Turkish authorities suspect a high-profile British jihadist detained in Turkey last week may have been planning attacks in Istanbul similar to those in Paris, two security sources told Reuters on Sunday.
A man thought to be Aine Lesley Davis, an associate of the Islamic State militant dubbed "Jihadi John," was detained in Istanbul last week, senior Turkish officials said on Friday.
Davis was detained with a group of others who could have been planning an attack in Istanbul in parallel with the gun and bomb rampage in the French capital which left at least 129 people dead, a separate source said on Sunday.
"Davis is a figure with key responsibilities within Islamic State and he wasn't caught alone. He was within a group," the source said.
"Right now we're investigating whether they were planning an attack in Istanbul similar to the one in Paris. We suspect there could have been a parallel attack with Paris, on the same day."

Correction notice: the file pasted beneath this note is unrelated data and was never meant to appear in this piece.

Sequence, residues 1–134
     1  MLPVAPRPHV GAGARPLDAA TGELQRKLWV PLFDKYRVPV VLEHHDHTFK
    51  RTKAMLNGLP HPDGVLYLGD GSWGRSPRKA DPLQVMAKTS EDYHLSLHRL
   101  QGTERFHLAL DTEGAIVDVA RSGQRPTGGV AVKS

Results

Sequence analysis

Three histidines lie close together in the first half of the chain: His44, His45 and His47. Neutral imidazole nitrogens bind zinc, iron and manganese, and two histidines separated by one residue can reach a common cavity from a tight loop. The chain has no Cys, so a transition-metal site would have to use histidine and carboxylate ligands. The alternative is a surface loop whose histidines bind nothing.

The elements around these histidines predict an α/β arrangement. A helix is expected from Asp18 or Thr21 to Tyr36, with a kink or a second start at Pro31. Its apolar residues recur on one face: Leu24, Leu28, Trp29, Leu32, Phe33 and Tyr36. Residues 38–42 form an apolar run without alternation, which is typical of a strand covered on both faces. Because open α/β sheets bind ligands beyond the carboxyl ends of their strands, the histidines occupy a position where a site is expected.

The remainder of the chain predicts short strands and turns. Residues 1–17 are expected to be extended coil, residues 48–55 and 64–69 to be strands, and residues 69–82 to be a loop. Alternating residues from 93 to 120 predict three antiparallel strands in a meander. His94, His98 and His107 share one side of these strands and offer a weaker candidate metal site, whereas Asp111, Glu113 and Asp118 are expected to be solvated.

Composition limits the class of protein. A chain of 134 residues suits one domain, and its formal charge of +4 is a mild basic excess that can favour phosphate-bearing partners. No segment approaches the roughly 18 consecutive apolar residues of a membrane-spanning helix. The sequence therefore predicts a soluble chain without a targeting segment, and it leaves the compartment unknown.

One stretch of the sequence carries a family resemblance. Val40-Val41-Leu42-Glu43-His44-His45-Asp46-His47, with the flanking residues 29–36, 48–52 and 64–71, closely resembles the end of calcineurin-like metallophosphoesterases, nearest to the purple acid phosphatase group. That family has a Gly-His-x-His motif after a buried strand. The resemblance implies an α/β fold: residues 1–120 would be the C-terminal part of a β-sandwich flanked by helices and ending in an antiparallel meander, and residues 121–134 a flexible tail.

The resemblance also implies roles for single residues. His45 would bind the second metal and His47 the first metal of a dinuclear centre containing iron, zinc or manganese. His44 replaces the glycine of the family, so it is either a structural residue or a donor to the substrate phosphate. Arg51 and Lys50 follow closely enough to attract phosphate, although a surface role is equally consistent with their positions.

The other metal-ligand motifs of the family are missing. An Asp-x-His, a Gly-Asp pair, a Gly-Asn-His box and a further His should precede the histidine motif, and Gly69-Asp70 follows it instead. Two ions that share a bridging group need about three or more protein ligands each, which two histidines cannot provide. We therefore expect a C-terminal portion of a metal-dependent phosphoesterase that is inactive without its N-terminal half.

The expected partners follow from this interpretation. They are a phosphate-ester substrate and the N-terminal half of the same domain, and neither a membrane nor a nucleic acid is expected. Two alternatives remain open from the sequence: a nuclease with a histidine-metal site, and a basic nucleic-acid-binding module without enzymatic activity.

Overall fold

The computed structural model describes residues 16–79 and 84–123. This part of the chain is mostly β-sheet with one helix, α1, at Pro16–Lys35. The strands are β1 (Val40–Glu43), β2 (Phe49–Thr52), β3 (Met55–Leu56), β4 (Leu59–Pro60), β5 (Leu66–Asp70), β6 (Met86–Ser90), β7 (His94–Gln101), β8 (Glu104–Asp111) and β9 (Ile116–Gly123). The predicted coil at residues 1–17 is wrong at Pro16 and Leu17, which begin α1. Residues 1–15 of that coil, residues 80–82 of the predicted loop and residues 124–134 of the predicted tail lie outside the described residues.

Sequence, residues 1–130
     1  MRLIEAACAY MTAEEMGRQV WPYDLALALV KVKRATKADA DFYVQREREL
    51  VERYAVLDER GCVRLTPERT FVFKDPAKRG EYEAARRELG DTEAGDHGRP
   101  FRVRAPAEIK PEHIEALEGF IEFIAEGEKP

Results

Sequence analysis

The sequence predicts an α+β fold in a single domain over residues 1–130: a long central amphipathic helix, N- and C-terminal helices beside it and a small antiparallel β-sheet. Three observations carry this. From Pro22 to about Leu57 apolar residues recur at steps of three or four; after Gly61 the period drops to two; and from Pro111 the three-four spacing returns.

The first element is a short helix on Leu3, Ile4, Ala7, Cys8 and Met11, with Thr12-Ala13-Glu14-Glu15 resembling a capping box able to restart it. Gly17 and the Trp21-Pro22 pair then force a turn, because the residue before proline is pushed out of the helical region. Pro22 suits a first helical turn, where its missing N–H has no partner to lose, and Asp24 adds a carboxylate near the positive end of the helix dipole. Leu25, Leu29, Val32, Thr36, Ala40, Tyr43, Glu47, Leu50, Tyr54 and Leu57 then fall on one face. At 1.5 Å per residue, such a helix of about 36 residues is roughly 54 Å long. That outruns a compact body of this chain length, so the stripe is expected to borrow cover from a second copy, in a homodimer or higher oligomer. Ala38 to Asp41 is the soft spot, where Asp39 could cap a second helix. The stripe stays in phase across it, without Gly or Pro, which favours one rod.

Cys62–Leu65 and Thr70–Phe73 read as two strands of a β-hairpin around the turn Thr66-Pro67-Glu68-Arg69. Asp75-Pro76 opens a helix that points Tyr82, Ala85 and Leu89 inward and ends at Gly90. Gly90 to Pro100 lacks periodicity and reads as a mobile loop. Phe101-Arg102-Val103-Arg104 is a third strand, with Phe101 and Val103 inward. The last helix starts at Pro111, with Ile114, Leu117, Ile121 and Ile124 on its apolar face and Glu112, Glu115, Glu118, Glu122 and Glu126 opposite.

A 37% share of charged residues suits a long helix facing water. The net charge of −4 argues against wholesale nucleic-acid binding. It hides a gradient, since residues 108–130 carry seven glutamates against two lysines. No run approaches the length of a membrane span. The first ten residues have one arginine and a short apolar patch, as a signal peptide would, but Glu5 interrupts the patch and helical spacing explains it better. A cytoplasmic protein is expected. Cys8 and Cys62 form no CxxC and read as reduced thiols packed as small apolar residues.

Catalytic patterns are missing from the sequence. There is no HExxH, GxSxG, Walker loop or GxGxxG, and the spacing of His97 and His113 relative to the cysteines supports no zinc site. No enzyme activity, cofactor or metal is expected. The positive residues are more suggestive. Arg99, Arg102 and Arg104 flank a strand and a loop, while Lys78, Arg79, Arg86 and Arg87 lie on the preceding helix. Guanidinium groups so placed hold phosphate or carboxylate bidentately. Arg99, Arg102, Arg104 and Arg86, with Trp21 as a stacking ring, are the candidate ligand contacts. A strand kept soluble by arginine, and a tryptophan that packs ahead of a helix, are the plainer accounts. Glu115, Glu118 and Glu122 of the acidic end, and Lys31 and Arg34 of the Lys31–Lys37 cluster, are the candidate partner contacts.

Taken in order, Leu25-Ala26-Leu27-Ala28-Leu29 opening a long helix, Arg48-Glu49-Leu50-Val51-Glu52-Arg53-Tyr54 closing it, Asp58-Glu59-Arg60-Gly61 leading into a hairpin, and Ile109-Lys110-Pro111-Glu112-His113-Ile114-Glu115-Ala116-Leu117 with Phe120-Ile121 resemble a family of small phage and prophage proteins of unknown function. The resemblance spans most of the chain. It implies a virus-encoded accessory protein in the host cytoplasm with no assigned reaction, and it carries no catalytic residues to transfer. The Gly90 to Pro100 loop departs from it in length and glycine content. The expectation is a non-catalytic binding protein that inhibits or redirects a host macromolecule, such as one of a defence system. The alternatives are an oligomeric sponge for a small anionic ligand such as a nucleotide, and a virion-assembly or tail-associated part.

Davis is one of a group of British Islamists believed to have been assigned to guard foreign prisoners by Islamic State, alongside Mohammed Emwazi, nicknamed Jihadi John after appearing in videos showing the killings of U.S. and British hostages. Emzawi is thought to have been killed in a drone strike in Syria, U.S. and British officials said on Friday.
Istanbul is one of the world's most popular tourist destinations, with more than 10 million people visiting sights including the Blue Mosque and Hagia Sofia each year.
Separately, the source said eight people suspected of links to Islamic State were detained in Ankara on Sunday, but declined to give their nationalities.
Last month the Turkish capital was rocked by a double suicide bombing on a pro-Kurdish peace rally, which killed more than 100 people. It was the worst attack of its kind in Turkish history and was carried out by Turkish nationals with links to Islamic State, Turkish officials have said.
The detentions are the latest in what many of Turkey's Western allies see as a belated crackdown on Islamist activity inside the NATO-member, which borders both Iraq and Syria.
In July, the Turkish government stepped up its fight against the militants, launching air strikes and opening its air bases to the U.S.-led coalition, a move which increased the risk of reprisal attacks.
A senior government source said Turkey has detained more than 1,000 people suspected of having links with Islamic State this year, and that 300 of them now face court proceedings.
(Reporting by Orhan Coskun, writing by Jonny Hogg; Editing by Digby Lidstone)